Hawaii Supreme Court takes the logical next step

A woman, days away from giving birth, smokes crystal meth. It gets into her bloodstream and, naturally, into the bloodtream of her baby, who’s still in her womb. The baby is born alive, but with a lethal concentration of methamphetamine in his body; he dies two days later. The mother is prosecuted for manslaughter in the death of her baby, and is convicted. Her appeal goes to the Hawaii Supreme Court, which overturns the conviction on the grounds that — are you ready for this? — her baby “was not a person” at the time of the offense.

So even days before birth, a baby is not yet a person and therefore has no rights.

Pardon me while I throw up.

Just one question: what does this do to the question of prescription drugs taken during pregnancy? If you read the warning labels of the drugs you get from the pharmacy, you’ll see that many of them have warnings like “If you are pregnant, or think you might become pregnant, do not take this medication.” But if an unborn baby is not yet considered a person in the eyes of the law, and has no rights, then why would those warning labels be necessary?

If you take this out to its logical conclusion, as the court seems to have done, it goes in some really terrifying directions.

Update: After careful reading of the article, I have to say that the blame lies not with the Hawaii Supreme Court, but with the authors of the Hawaii Penal Code. The manslaughter law defines a person as “a human being who has been born and is alive,” according to the article’s summary of the court’s decision. So the court was properly interpreting a bad law, rather than pulling a judgment out of their hat.


  • Glen Dean says:

    That is awful and truly sad.

  • IsThatSo says:

    Pardon me before /I/ throw up — what business is it of yours what that woman does with her baby? Is it your baby? No. So mind your own business. Thy shalt keep thy religion to thyself. Just because /you/ think abortion is “evil” doesn’t mean that you should force it on the rest of us.

  • Robin Munn says:

    “Thou (not thy, BTW) shalt keep thy religion to thyself” sounds almost like a religious commandment, doesn’t it? I’m sure you meant it that way.

    Thing is, that’s not one of the commandments found in the religion called Christianity, which is the one I follow. It *is* one of the commands in the religion called postmodernity, which you appear to follow. So… why should *I* follow a command from *your* religion? And why are you telling me to do so? Doesn’t that violate the principle of “Thou shalt keep thy religion to thyself”?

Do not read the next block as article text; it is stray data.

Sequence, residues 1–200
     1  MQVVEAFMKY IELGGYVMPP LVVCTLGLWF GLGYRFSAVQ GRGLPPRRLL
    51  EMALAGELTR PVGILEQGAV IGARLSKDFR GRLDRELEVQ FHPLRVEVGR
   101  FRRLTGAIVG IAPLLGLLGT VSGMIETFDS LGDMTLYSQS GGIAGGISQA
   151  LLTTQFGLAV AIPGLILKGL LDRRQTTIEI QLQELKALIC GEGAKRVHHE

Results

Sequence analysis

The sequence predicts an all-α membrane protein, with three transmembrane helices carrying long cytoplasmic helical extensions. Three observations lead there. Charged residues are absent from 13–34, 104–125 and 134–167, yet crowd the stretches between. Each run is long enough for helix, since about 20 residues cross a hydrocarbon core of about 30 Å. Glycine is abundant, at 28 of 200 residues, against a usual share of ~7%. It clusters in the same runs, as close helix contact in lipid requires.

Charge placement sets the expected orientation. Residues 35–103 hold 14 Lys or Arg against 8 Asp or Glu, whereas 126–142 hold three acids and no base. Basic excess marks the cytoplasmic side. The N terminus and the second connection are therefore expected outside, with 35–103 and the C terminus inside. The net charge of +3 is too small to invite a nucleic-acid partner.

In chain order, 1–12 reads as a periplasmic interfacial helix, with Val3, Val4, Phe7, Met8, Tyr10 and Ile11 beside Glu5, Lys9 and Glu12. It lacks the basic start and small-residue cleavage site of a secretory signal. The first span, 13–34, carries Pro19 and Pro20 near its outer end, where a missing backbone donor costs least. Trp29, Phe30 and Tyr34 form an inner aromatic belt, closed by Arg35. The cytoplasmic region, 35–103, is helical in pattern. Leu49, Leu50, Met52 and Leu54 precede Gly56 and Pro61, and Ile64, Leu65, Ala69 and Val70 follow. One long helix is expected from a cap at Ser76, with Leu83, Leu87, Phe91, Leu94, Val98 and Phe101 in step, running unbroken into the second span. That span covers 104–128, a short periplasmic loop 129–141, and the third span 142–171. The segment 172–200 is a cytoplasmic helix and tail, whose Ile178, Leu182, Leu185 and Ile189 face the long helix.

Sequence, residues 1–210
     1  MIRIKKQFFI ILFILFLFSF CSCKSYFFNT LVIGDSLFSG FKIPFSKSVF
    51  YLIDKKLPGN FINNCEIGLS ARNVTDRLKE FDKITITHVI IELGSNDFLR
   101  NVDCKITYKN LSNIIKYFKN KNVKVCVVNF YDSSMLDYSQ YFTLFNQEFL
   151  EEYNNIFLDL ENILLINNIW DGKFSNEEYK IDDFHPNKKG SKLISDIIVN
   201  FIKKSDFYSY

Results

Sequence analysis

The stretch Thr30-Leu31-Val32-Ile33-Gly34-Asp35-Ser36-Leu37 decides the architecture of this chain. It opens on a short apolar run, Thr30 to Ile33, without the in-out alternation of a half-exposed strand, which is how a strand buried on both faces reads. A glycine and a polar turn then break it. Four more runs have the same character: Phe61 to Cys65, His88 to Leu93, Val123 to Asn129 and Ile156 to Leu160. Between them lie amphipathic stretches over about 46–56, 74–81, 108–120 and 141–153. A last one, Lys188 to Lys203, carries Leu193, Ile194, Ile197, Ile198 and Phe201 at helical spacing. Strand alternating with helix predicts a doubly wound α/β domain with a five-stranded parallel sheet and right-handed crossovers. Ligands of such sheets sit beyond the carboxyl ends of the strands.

Turning to the question of forcing one’s views on abortion on people: the Roe v. Wade decision did just that. Prior to Roe v. Wade, the legality of abortion was left up to the states. Some had laws banning all abortions, while some had laws permitting abortions (usually only under certain circumstances, such as during the first trimester or to save the life of the mother). Rather few, I believe, allowed abortions under any circumstances.

    If Roe v. Wade were overturned tomorrow, abortion advocates would have us believe that we’d go back to the status quo ante, where abortions were forbidden throughout the U.S. But that fails to take into account the nature of the political landscape today. If Roe v. Wade were overturned, some states (such as California) would immediately pass laws allowing abortion under the same circumstances as before. Other states would pass laws allowing abortion under restricted circumstances, and some would pass laws forbidding all abortions. The result would be that the people of each state would get the chance to decide, in the normal democratic process, what laws they wanted to govern them. Instead of having just nine people impose the law on everyone.

    So, the ultimate question is: do you really believe in democracy? Or, when you think democracy will produce the “wrong” answer, are you prepared to hand the decision over to an oligarchy of nine?

  • Chris says:

    You are absolutely right. That is manslaughter, plain and simple. Awful, but true. How anyone could think the abdominal wall and a few days makes a difference to that question is beyond me.